Out of nowhere, Jesuit soccer player Christian Lerma started feeling dizzy.
On the field in a district soccer match against Richardson J.J. Pearce, Lerma turned to teammates, mentioned his discomfort, and sat down. Soon his breathing began to labor, and he became unresponsive.
The Mayo Clinic identifies cardiac arrest as the leading cause of death in young athletes, but thanks to an athletic trainer with an automated external defibrillator (AED), Lerma’s collapse wouldn’t turn out that tragic.
“It seemed like the whole thing took an eternity,” said Pearce athletic trainer Tara Grubbs, who administered the AED. “I don’t know how many rounds of CPR I did before the ambulance arrived.”
Grubbs administered two shocks to Lerma’s chest and with the help of volunteers who were at the game – some with medical experience – she was able to get him into an ambulance and to the hospital.
The University Interscholastic League passed a rule change in 2007 requiring that at least one AED must be on each UIL member high school campus. Grubbs has been training teachers and coaches in CPR and AED-use in Richardson ISD for 11 years, she said – and not just at the high school level.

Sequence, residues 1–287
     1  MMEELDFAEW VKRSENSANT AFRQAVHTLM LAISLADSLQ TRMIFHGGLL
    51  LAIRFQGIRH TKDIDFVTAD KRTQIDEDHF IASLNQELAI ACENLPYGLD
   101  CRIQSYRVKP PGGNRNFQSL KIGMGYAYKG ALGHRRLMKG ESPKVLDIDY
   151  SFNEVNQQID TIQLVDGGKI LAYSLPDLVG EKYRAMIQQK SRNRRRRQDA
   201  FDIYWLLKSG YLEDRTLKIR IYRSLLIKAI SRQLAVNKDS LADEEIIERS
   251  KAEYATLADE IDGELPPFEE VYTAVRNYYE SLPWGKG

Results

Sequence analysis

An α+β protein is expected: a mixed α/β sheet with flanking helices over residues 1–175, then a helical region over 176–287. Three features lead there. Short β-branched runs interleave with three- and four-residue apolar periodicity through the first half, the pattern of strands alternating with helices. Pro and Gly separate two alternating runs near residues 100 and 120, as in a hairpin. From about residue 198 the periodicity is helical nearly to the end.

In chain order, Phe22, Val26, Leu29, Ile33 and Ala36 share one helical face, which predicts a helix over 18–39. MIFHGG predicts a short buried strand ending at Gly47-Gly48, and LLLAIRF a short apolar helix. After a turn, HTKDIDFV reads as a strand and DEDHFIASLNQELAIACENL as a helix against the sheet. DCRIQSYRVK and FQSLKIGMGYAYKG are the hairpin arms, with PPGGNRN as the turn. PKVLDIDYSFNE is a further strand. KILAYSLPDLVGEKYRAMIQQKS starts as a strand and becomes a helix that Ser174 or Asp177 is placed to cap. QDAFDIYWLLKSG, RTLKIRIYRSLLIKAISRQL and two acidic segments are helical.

“I’ve always been responsible for teaching [how to use the AED and how to administer CPR] to the other coaches and trainers throughout the district, so we do it all the time,” she said. “But that was my first time on an actual human, and I hope I don’t ever have to do it again.”
Grubbs said there are four AED’s at Pearce alone, and there is always one available at home games – regardless of sport. In her 11 years, Grubbs said district staff have used an AED on three Richardson ISD students.
“There could have been three less students at our school if we didn’t have access [to an AED],” she said. “They are certainly emphasized at Richardson.”
Rick Martin, Jesuit’s head trainer, said there are 12 AED’s available throughout the Dallas high school. Like Pearce, Jesuit’s trainers always have an AED present at home sporting events.
The Dallas Independent School District has more than 600 AED units throughout its campuses, district officials said.
Lerma’s family has started a GoFundMe page to help pay for the junior’s medical bills following his cardiac arrest and surgery to put a stint in his heart.
“[Christian] will no longer be able to participate in competitive sports, but he has a bright future before him, and it has made us all take a moment and be grateful for what we have before us,” his family wrote on the GoFundMe page. “This new journey will include a permanent lifestyle change for Christian, as he will need treatment for his heart condition for the rest of his life.”
Grubbs, who has received plenty of attention since the incident, said she was simply doing her job, and that the health of Lerma is “what people should really be focusing on.”
“I’ll give a hundred interviews if it gets the word out about the importance of AED’s,” she said.